This summer, a retired couple played fetch at an Indiana lake with their four dogs. Twenty four hours later, two of the dogs were dead. The lake contained blue-green algae, which can release toxins that cause liver and respiratory problems in people and prove fatal to pets, but no warning signs had been posted.
At Lake Kegonsa, Wisconsin, resort owner Frank Rybek told us, “I’ve been told by several people, Frank, we love your place, but we’re not going to allow our children into the water, so we’re not going to be back.”
We have been tracking stories like these about the impact of blue-green algae, aka cyanobacteria, in an effort to raise national awareness of the connections between how we grow our food, our health and water quality. The work is funded by a grant from the David and Lucile Packard Foundation to promote agricultural solutions to nitrogen pollution and climate change.
This year, we counted 20 states that issued health warnings to keep people out of waterways plagued by dangerous algae. Researchers say the main sources for the growing problem are fertilizer and manure runoff. Sewage, stormwater and industrial discharge also add to the pollution, especially in urban areas, but those sources have been easier to reduce than agriculture’s many discharge points.
People throughout the Midwest, and now a growing number of states all over the country, have struggled for years with the spread of blue-green algae. The blooms create heavy losses for businesses and homeowners each year, and cause parents to worry about their kids’ safety in the water. Yet no federal agency is tracking the lake closures. It’s up to states to monitor and report on water safety, which they do with varying degrees of success.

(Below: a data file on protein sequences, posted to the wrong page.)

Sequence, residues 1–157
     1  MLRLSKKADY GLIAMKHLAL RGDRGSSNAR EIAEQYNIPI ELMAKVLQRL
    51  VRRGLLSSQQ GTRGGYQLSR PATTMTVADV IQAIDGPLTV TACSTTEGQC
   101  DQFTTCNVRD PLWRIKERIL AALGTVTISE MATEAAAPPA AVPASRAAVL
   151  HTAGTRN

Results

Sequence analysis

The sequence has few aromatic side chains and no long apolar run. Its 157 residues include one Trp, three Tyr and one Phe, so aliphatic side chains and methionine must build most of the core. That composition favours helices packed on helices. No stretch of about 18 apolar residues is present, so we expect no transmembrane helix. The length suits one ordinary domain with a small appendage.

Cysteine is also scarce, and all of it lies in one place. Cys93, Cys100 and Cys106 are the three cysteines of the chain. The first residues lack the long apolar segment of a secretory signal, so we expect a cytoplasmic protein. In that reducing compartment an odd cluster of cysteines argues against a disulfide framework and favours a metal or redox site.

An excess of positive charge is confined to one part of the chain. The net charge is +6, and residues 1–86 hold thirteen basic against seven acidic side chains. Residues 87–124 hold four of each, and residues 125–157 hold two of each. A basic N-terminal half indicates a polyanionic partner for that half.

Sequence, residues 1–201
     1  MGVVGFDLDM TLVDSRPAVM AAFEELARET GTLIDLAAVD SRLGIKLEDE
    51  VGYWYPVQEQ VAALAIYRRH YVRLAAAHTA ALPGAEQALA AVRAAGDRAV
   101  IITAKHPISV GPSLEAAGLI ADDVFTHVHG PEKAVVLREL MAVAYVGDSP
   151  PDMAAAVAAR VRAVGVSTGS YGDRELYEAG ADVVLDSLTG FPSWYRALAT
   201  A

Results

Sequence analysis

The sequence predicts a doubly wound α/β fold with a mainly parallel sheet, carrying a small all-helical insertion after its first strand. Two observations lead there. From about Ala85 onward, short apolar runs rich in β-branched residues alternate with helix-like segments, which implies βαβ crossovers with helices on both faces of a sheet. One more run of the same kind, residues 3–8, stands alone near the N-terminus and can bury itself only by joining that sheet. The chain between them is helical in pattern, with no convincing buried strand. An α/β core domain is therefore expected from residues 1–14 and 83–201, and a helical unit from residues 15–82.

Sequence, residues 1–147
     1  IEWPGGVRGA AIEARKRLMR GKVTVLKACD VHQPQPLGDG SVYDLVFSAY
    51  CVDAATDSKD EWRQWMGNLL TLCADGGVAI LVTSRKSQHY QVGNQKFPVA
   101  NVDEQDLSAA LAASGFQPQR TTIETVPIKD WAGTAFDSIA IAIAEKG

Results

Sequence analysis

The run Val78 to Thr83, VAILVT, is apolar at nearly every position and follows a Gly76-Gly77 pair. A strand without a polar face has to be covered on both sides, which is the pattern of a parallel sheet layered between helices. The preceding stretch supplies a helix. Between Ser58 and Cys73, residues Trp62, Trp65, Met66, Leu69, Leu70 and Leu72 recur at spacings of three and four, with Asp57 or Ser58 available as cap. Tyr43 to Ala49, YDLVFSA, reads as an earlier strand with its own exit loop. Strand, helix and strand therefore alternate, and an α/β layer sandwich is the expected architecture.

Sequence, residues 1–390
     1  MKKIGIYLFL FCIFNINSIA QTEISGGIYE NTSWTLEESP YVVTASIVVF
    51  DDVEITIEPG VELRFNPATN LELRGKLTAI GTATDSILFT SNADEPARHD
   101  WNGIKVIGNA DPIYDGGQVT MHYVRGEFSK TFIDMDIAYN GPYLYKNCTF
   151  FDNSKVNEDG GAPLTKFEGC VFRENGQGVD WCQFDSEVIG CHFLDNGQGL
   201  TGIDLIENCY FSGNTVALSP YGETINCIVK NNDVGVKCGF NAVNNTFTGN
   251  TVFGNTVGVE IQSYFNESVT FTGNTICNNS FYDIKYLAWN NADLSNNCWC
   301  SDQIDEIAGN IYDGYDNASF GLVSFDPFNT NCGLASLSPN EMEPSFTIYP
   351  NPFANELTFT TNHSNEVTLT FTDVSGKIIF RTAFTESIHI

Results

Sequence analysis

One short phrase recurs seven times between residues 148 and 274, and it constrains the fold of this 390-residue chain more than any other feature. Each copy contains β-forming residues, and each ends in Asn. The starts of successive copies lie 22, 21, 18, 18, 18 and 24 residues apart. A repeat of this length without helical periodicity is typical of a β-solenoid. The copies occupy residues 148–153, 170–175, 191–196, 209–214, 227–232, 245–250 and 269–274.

To raise awareness, we worked with groups including Midwest Environment Advocates, Iowa Environmental Council, and Ohio Environmental Council to connect people impacted by the algae with reporters. We also curated this Scoopit page of headlines and info on the issue from across the US.
The story is starting to break. The Atlantic Monthly published Blue-Green Algae: Iridescent but Deadly by investigative reporter Jessica Marshall. Grist magazine covered it in “Toxic green slime has taken over the lakes of America. Again.”
You can give your two cents this Thursday at 10amPST/1pmEST on a Twitter chat, using the hashtag #greenslime. Tell us if toxic algae put a bummer in your summer, and what you think ag solutions should be.
As Patrick “Buzz” Sorge of the Wisconsin Department of Natural Resources told the Atlantic Monthly, “We know what it takes to fix this stuff. We just have to find the social and political will to get this done.”